[0014] If a center of gravity of a cart moves too far to one side of a longitudinal centerline of the cart when it leans, the cart may tip over. Since a high center of gravity will move further outboard per angle of lean than a lower one, it would be desirable for the cart to have a relatively low center of gravity. The lower center of gravity may be of particular importance when traversing furrows or ditches with the cart in tow.

[0015] Furthermore, since a center of gravity that is off-center when the cart is standing upright will have a shorter distance to travel during a lean, it would be desirable to locate a center of gravity as closely as possible to the center of the cart, such as near a longitudinal plane of symmetry. It would thus be desirable for the sump, floor auger, and associated hardware to be distributed substantially symmetrically about a longitudinal plane through center of the cart. The increased stability associated with a centrally located center of gravity, as well as with symmetry with respect to the cart centerline, may provide an extra margin of safety against the cart rolling over.

[0016] In FIGS. 1 through 3 is shown a cart 100 according to a first embodiment of the invention. Cart 100 may have a hopper 102 with a sump 104 and a plurality of inclined floor portions 106 extending generally outward and upward from sump 104. Sump 104 may thus be located substantially centrally under hopper 102. In a preferred embodiment, sump 104 may end about halfway to the rear of hopper 102.

[0017] Inclined floor portions 106 may be arranged substantially symmetrically about a longitudinal plane 108 of hopper 102 through sump 104. A substantially vertical wall 166 may extend upward from an upper end 168 of at least some of inclined floor portions 106.

[0018] An inclined floor auger 114 may be disposed beneath a forward one 116 of inclined floor portions 106 and extend to a front 118 of cart 100. Inclined floor auger 114 may be placed substantially proximate to an underside of forward inclined floor portion 116 to maximize a carrying capacity of hopper 102. Furthermore, inclined floor auger 114 may be placed substantially proximate to an underside of forward inclined floor portion 116 to lower a center of gravity of cart 102. A rear one 110 of inclined floor portions 106 may urge a material contained in hopper 102 toward sump 104.

[0019] Inclined floor auger 114 may be a hollow, partially enclosed first cylinder 120 having an inlet 122 substantially proximate to sump 104, an outlet 124 at a predetermined height 126 above inlet 122, and a first helical blade 128 rotating within first cylinder 120 about an axial centerline 130. A first actuator 148 may be connected to first helical blade 128 to drive first helical blade 128. First actuator 148 may be, e.g. a hydraulic, electrical, or mechanical actuator, such as a hydraulic motor or a clutch-driven actuator deriving power from a tractor engine power take off (PTO).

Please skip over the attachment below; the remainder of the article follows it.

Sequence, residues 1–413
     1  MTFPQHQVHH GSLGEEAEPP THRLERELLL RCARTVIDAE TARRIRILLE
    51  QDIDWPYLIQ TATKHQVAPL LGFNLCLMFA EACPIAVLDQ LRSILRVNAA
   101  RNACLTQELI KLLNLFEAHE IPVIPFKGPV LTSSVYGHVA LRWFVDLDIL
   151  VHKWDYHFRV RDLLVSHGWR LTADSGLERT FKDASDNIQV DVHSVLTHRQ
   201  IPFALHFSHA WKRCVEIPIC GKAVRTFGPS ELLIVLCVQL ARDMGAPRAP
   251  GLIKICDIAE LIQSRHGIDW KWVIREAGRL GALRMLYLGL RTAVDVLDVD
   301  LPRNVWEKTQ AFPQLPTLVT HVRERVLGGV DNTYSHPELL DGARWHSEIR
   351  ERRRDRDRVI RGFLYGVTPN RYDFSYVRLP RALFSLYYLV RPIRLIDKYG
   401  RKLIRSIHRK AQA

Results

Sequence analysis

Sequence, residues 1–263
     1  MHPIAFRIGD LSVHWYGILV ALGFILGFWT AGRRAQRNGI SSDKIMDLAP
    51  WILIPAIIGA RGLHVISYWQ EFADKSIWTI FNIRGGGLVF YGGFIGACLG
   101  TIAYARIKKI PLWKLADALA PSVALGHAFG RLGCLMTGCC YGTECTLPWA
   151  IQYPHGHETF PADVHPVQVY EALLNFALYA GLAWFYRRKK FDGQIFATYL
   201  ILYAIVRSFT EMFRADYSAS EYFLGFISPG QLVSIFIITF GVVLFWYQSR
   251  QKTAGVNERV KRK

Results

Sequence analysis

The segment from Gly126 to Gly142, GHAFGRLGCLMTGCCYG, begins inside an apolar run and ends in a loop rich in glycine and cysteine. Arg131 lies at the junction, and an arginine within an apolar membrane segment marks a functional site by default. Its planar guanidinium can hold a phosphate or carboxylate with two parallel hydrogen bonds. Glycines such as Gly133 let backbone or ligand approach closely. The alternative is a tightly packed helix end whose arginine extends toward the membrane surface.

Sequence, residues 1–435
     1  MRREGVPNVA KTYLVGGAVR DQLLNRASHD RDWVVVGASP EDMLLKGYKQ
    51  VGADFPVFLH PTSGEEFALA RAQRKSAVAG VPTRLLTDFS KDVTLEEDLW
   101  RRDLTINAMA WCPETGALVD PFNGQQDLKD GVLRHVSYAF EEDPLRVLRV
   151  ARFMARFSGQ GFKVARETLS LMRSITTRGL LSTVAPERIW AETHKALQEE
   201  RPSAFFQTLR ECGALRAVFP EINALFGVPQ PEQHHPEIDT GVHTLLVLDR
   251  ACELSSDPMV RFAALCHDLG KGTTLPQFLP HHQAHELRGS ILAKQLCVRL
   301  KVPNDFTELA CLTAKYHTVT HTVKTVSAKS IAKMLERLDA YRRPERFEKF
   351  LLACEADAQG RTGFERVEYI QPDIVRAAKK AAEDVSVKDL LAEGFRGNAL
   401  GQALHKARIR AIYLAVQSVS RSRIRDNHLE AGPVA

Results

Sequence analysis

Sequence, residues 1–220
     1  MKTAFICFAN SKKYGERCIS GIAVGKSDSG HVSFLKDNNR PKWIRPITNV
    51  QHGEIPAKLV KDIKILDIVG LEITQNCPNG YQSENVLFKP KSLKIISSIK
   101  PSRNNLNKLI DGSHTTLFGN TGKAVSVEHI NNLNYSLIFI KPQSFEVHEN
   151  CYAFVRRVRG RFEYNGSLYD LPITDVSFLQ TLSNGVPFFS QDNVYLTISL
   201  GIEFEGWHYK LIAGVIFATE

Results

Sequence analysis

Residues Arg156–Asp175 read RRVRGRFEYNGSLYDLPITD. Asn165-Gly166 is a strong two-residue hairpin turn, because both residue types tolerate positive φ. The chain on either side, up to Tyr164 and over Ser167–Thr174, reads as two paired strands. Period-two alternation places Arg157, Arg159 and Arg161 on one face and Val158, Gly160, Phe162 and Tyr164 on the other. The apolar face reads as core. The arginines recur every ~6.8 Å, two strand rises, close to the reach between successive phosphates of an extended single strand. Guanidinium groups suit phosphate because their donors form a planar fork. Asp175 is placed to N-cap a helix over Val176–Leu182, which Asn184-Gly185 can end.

[0020] An axle 138 having a center 140 may be disposed fixedly beneath sump 104. Axle center 140, sump 104 and axial centerline 130 may lie substantially in longitudinal plane 108. Thus most of the components of cart 102 will be distributed substantially symmetrically about longitudinal plane 108.

[0021] A vertical folding auger 132 may be disposed proximate to front 118 of cart 100. Vertical folding auger 132 may have an entrance end 134 connected to outlet 124 for receiving material transported by inclined floor auger 114 and a discharge end 134. Vertical folding auger 132 may be comprised of a hollow, enclosed second cylinder 136 having a second helical blade 138 rotating within second cylinder 136. A second actuator 150 may be connected to second helical blade 138 to drive second helical blade 138. Second actuator 150 may be, e.g. a hydraulic, electrical, or mechanical actuator, such as a hydraulic motor or a clutch-driven actuator deriving power from a tractor engine PTO.

[0022] A third actuator 158 may rotate vertical folding auger 132 about an axis of rotation 142 between a transport position and a discharge position. Axis of rotation 142 may be substantially normal to axle 138 in longitudinal plane 108. Third actuator 158 may be, e.g. a hydraulic, electrical, or mechanical actuator, such as a hydraulic motor or a clutch-driven actuator deriving power from a tractor engine PTO.

[0023] While the invention has been described in detail above, the invention is not intended to be limited to the specific embodiments as described. It is evident that those skilled in the art may now make numerous uses and modifications of and departures from the specific embodiments described herein without departing from the inventive concepts.